Module 12: Acid-Base Balance
By the end of this section, you should be able to:
• Define acid and base.
• Describe pH, how it is calculated, and the normal pH of the body.
• Describe and understand the relationship between free hydrogen ion concentration,
acid, and pH.
• Explain what a volatile acid is, what a nonvolatile acid is, and where they come from.
• List the three ways the body regulates against increases in free hydrogen ions (H ).
• Explain how buffers work to help maintain pH when the levels of H change.
• Explain how the respiratory system regulates the levels of volatile acids in the body.
• Describe how the kidneys regulate pH by excreting H and reabsorbing bicarbonate ions.
• Define alkalosis and acidosis.
• Describe the types of alkalosis and acidosis and their causes. Introduction
In this module, we will look at the relationship between hydrogen ions (H ) and acidity.
We will also define what acids and bases are, what the pH scale is, and why it is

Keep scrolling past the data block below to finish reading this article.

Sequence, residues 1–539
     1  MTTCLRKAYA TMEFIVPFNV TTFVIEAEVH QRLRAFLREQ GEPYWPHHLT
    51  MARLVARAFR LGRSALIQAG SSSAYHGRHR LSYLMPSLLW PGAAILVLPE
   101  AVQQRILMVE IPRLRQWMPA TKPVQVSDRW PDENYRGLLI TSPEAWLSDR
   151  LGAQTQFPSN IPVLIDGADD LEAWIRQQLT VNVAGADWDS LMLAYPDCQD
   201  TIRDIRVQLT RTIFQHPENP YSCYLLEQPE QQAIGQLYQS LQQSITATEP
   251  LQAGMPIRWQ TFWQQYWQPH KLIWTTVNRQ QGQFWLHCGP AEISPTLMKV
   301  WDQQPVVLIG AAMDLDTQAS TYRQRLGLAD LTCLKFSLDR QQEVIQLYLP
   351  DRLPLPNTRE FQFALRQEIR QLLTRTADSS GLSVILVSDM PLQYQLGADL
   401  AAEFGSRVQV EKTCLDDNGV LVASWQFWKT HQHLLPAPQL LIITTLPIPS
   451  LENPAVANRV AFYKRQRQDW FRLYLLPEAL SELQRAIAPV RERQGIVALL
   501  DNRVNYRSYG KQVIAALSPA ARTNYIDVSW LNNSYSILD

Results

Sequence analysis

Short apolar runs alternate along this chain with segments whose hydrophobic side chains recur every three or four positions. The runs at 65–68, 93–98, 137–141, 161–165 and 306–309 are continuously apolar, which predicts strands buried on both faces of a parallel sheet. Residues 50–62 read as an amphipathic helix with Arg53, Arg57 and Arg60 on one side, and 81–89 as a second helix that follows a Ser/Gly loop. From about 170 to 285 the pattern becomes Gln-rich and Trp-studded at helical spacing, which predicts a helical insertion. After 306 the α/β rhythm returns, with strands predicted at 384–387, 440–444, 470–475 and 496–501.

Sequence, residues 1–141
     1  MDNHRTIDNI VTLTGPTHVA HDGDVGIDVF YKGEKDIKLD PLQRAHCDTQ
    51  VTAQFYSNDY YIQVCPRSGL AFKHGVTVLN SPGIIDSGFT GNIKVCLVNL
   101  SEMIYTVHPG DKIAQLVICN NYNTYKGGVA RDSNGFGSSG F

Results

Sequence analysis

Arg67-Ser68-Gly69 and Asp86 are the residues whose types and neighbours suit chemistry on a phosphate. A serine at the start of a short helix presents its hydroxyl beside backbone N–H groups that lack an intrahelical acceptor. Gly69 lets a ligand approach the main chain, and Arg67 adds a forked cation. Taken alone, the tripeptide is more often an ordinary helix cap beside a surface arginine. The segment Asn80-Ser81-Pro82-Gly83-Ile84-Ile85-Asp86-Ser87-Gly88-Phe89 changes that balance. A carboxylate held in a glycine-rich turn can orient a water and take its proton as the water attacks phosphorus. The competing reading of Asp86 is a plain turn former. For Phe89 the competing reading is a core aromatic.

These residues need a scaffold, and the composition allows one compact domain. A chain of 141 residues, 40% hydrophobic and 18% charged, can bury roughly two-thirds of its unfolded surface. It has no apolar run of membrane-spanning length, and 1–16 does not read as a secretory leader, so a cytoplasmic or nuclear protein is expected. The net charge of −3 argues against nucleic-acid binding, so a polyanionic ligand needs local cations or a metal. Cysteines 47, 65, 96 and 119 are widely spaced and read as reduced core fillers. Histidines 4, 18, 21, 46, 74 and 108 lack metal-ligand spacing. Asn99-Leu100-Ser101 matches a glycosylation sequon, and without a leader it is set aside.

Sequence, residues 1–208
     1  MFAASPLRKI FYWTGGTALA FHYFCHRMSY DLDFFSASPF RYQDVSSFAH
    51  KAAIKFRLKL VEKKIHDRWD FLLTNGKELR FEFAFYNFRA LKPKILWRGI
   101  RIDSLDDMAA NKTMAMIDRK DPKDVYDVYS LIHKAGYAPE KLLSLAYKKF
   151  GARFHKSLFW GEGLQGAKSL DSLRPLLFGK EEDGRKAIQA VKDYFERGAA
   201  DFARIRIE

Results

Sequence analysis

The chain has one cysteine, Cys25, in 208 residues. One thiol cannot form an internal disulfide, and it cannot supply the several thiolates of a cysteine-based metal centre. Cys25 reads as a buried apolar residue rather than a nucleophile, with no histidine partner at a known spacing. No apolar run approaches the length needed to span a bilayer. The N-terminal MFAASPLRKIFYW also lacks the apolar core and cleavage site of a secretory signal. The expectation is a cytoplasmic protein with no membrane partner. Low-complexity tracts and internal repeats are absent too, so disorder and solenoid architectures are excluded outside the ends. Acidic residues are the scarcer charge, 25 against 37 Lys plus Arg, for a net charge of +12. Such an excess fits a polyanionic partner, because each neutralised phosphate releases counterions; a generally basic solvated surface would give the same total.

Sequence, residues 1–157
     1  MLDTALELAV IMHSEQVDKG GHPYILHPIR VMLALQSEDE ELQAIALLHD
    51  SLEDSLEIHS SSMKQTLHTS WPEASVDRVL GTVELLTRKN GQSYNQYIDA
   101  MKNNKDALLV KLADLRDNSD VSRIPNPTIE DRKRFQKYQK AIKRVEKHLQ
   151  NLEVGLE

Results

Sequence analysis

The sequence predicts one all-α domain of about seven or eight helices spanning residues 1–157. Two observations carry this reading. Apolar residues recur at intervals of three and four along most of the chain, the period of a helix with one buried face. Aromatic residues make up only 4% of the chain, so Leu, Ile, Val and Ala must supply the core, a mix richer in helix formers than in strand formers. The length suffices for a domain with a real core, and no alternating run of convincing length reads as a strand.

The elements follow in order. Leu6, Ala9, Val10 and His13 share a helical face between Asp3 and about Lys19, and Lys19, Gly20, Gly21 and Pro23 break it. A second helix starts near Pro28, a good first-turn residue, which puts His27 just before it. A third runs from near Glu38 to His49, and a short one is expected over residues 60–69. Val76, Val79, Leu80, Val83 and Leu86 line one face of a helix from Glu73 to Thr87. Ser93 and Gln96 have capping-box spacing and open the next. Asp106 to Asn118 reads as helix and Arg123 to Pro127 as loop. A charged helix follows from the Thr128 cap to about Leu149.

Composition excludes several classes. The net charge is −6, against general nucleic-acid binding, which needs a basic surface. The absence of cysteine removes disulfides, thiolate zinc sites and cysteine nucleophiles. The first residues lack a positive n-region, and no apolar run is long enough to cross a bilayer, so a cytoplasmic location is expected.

important to maintain H at precise levels.
We will also look at the different mechanisms in the body for regulating H
concentrations (and thus pH) and we will also learn about some of the things that can
alter the pH of the body.
Why is this important?
Many chemical reactions that take place in the body, and most of the machinery inside
all the cells, are very sensitive to the presence of hydrogen ions.
Hydrogen ions (H ) can alter the shape of proteins that act as enzymes that speed up
chemical reactions. As a result, any change in the concentration of H will affect the
activity of almost every cell.
Therefore, it is essential that H concentration be very carefully regulated.